Secondly, the Russian Ambassador Anatoliy Bashkine met with the Cameroonian government in early March. The Russian ambassador came out strongly against humanitarian intervention in the Anglophone regions, which is significant in and of itself- but it was the fine detail that is the most interesting. It was announced that Russian Lukoil was negotiating the reconstruction of the SONARA refinery in Limbe, which was devastated by fire in mid-2019. Russia will thus likely have people on the ground in the Anglophone regions in the coming months, as they look to bring the SONARA refinery back online.

Thirdly, New Age (African Global Energy) recently signed a Letter of Intent with Victoria Oil & Gas for the supply of gas from the Etinde field. Again, it is the fine print that is interesting here, as Victoria state that:to access Etinde gas, GDC will need to install a 60 km high-pressure gas pipeline from Limbe to Bekoko where it would connect with the existing low-pressure pipeline network which operates throughout Douala‘, before hinting at gas infrastructure towards the towns of Tiko, Muntengene, Buea and others. Whilst there is a major BIR base at Limbe, protecting such linear infrastructure (and its development) is going to pose a serious security challenge for the Cameroonian government. Even Limbe has seen its share of violence during the crisis so far, and a high-profile gas pipeline is an obvious strategic target for non-state armed groups. Events that would likely increase instability – such as the death of the serving president of Cameroon – would raise the risk of this operation even higher. Already involved at SONARA, and with a significant stake in this development too, it is not hard to imagine which country will be ready to protect its investments and support the government.

Early Etinde plans via New Age (African Global Energy) Ltd.

Finally, Russia has been involved in disinformation campaigns in African states, using social media to support the ruling party. Whilst the most detailed instances of these campaigns involved Libya, Mozambique and elsewhere, it is notable that Cameroon was also targeted by a Russian campaign. I have reached out to the author of the study to understand the Cameroon-specific elements of this further.

To conclude, it is evident that Russia has made a major geopolitical shift towards Africa, and Cameroon appears to be the next target in line. Recent developments elsewhere on the continent have shown how Russian investments in unstable areas often come with military muscle attached, relying on the concept of plausible deniability.  Supporting strongmen with military solutions enables Russia to form closer ties with the host nation, whilst reducing the risk to its lucrative investments. In theory, Russia’s approach could increase the profitability of risky conflict zone investments by minimizing disruptions. Thus for Russia, a strongman is their perfect ally, and is one where the West seldom wishes to tread. In Cameroon, it is easy to see exactly why Russia is pushing for closer ties with the Biya regime, and the previously outlined evidence illustrates how this relationship continues to develop.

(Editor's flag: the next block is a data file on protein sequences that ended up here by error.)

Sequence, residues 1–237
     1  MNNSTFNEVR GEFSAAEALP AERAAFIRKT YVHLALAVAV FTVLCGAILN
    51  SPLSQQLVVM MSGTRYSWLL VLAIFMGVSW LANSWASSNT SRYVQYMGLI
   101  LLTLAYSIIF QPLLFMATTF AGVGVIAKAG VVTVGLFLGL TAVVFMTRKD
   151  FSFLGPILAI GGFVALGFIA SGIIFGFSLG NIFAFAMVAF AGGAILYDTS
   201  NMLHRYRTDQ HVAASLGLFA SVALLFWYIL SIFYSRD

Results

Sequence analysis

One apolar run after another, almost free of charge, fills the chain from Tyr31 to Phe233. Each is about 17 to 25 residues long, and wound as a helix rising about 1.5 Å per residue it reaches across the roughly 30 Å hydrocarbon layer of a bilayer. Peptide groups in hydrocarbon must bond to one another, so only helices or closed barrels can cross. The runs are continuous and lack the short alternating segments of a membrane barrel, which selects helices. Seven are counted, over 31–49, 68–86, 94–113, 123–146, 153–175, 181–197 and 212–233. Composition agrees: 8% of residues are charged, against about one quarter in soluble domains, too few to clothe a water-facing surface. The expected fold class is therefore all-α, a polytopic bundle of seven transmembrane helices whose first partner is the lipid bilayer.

Ultimately, Lukoil’s Etinde field investment and the repair of the SONARA plant are located in the contested Southwest region, and on the balance of evidence, that is why I would not be surprised if some Russian ‘little green men’ appear around Limbe in the months and years ahead.




Cameroon Receives New Croatian Rifles

Images of the military of Cameroon on both exercises and operations reveal that they have recently taken delivery of an unknown quantity of Croatian HS Produkt VHS-2 assault rifles. The VHS-2 is an advanced bullpup design which has previously been evaluated by the US and French militaries, and is the standard issue weapon of the Croatian army. The rifles are also used by the armies of Togo and Iraq. It is believed that the VHS-2 has been spotted in the hands of troops in the Anglophone regions and also in the Far North.

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It remains to be seen which weapon the VHS-2 will replace, but it continues the military’s love affair with Eastern European weapon systems, with Serbian firm Zastava previously supplying a range of weapons including the M21. From investigations, it appears that the VHS-2 entered service at the very end of 2019 or the start of 2020. The VHS-2 is one of the most modern assault rifle designs on the market.